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|Title:||A multi-technique evaluation of hydrothermal hematite U—Pb isotope systematics: implications for ore deposit geochronology|
|Citation:||Chemical Geology, 2019; 513:54-72|
|Liam Courtney-Davies, Simon R. Tapster, Cristiana L. Ciobanu, Nigel J. Cook, Max R. Verdugo-Ihl, Kathy J. Ehrig, Allen K. Kennedy, Sarah E. Gilbert, Daniel J. Condon, Benjamin P. Wade|
|Abstract:||Hematite (α-Fe₂O₃) is a common iron-oxide mineral known to incorporate U into its crystal lattice at up to wt% concentrations and has been previously used to date ore formation within iron-oxide copper gold and banded iron formation deposits. However, there has been no detailed evaluation of the potential challenges this novel mineral geochronometer may present for accurate temporal interpretation. We report a multi-technique UPb geochronological study comprising laser ablation-inductively coupled plasma-mass spectrometry (LA-ICP-MS), sensitive high-resolution ion microprobe (SHRIMP) and the first isotope dilution-thermal ionization mass spectrometry (ID-TIMS) procedure and analyses using an in-situ grain micro-sampling technique. We assess intra- and inter-sample data reproducibility, and examine the compatibility of spatial and analytical resolutions to texturally and compositionally diverse samples. Five samples of hydrothermal, primary, oscillatory-zoned hematite were analysed from distinct lithologies throughout the ~1.59 Ga Olympic Dam Cu-U-Au-Ag deposit, with typical U concentrations ranging between ~20 and 1000 ppm. LA-ICP-MS mapping of isotope distributions across mm-sized grains allows pinpointing of U-rich and relatively U/Pb isotopically ‘homogeneous’ domains. Micro-domains were extracted via laser-cut square shaped trenches (100 × 100 μm). UPb datum range in complexity, with concordant age domains measured by ID-TIMS indicating that hematite can retain a near-closed UPb system over ~1.6 Ga, while also demonstrating that younger Pb-loss events may be recorded. Significant reverse discordance is common in the data, likely to be a real feature due to both internal decoupling and mobility of Pb within a single grain and UPb fractionation during microbeam analysis. These effects will obscure the interpretation of real ages for Proterozoic samples where non-zero age Pb-loss events occur, and restricts the evaluation of common Pb mixing components. As a result, microbeam analyses may be biased younger or older in terms of ²⁰⁷Pb/²⁰⁶Pb dates in samples with complex histories. Microbeam datum compare favourably with high precision ID-TIMS ages. Although reproducible ID-TIMS UPb dates were generally not obtained, in the best-case example, a ²⁰⁷Pb/²⁰⁶Pb weighted mean age of 1589.91 ± 0.91 Ma (MSWD = 1.3, n = 5), within 0.2% of the Olympic Dam granite host rock age (1593.87 ± 0.21 Ma) was generated. All five hematite samples dated by LA-ICP-MS and SHRIMP yield weighted mean ²⁰⁷Pb/²⁰⁶Pb dates within 2% of the host granite age after small degrees of data rejection. The results demonstrate that with careful sample petrography, screening and data interpretation, hematite can be considered a very useful UPb mineral geochronometer, with potential application to all U-bearing Fe-oxide rich mineral systems.|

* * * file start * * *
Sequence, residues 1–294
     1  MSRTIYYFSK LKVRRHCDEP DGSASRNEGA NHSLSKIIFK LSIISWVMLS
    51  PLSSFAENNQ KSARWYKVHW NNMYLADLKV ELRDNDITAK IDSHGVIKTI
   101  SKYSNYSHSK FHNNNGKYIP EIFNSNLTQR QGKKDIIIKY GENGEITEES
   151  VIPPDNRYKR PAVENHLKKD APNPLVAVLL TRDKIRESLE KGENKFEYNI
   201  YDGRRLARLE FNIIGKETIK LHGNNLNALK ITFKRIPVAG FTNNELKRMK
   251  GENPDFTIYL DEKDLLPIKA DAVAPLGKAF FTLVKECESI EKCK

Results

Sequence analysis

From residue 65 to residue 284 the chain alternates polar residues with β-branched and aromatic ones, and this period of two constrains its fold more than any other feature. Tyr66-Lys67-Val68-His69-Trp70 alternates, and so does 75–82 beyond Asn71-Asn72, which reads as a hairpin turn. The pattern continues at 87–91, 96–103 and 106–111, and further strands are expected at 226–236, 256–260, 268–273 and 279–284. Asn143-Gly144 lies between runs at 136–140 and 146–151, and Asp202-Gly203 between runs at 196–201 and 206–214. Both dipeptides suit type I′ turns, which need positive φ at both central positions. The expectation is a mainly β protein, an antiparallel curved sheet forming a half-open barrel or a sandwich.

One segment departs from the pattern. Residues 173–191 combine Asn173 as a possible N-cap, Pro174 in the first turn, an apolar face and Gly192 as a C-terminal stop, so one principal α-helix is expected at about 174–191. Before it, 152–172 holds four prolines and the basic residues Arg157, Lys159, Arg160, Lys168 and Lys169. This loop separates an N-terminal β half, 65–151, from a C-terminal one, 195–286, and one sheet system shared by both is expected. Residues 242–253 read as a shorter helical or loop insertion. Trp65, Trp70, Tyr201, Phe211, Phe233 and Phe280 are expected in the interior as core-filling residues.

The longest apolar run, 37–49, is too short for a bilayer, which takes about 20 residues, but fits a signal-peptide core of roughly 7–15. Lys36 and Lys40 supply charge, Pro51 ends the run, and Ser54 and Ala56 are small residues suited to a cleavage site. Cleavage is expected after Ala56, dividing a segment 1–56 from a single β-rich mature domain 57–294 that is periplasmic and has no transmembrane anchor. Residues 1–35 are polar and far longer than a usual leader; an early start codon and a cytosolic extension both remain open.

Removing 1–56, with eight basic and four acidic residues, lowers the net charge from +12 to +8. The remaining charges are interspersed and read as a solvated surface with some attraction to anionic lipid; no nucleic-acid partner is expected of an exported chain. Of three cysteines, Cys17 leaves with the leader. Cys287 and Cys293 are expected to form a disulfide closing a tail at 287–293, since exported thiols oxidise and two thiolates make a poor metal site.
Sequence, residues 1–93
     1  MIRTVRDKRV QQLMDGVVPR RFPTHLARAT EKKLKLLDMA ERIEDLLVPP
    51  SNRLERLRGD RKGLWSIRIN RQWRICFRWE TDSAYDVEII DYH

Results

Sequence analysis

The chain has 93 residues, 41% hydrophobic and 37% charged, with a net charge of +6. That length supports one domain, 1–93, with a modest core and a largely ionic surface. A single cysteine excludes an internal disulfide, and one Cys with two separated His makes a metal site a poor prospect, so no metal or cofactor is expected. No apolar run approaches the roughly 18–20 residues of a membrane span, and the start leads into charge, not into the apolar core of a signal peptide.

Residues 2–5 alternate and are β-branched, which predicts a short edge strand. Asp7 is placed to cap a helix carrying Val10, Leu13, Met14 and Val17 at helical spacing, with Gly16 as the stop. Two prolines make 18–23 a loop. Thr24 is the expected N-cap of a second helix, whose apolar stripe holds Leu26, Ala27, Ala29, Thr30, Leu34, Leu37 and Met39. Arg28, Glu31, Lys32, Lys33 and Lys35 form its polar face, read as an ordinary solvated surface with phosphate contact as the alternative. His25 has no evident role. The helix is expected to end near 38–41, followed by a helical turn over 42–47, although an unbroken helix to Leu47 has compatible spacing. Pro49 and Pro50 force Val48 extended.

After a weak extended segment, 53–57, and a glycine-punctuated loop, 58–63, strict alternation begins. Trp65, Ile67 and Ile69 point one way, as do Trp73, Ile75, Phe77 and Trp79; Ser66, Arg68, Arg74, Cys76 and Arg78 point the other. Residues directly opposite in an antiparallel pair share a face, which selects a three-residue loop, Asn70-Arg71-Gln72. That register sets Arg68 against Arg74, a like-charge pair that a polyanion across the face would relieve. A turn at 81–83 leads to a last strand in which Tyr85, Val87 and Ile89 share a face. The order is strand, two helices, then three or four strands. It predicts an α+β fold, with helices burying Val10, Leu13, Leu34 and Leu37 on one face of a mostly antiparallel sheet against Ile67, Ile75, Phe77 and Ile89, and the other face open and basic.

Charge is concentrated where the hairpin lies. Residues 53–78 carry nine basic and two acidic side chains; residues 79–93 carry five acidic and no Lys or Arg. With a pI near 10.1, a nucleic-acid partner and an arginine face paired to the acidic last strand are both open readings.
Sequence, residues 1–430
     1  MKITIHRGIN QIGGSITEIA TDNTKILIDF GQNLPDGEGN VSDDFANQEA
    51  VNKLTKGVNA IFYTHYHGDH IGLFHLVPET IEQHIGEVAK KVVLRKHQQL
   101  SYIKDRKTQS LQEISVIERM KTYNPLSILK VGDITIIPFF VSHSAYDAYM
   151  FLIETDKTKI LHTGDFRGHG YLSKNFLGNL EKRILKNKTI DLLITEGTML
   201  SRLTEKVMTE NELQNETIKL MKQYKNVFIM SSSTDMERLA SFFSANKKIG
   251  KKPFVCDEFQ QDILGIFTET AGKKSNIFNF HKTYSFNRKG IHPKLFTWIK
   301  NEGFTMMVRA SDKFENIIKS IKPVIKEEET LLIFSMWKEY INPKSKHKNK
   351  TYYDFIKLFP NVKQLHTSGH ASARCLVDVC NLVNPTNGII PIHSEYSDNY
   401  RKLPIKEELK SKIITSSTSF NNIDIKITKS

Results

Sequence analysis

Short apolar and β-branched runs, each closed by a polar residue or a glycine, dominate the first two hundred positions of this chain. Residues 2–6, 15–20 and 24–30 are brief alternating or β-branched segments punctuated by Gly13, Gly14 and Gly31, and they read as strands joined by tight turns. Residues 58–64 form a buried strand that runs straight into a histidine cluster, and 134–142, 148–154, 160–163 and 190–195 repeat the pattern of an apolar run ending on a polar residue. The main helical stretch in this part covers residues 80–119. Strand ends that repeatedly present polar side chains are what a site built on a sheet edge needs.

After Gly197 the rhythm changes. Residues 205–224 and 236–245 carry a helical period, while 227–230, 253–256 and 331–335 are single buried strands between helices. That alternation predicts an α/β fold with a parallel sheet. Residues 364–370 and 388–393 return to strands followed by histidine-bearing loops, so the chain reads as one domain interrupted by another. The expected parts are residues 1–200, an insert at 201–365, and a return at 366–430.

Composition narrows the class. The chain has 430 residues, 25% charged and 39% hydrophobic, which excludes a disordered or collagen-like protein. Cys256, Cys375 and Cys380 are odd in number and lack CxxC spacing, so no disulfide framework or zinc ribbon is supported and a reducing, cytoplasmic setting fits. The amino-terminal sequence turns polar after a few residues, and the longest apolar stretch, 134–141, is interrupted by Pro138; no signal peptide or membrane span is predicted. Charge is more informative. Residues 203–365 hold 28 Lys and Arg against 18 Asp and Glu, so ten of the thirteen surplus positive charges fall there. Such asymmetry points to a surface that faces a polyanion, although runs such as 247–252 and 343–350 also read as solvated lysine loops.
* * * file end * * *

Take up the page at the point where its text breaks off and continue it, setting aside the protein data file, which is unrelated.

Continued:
|Keywords:||Hematite; U-Pb; micro-sampled ID-TIMS; LA-ICP-MS mapping; geochronology; Olympic Dam; IOCG|
|Rights:||© 2019 Elsevier B.V. All rights reserved.|
|Appears in Collections:||Geology & Geophysics publications|
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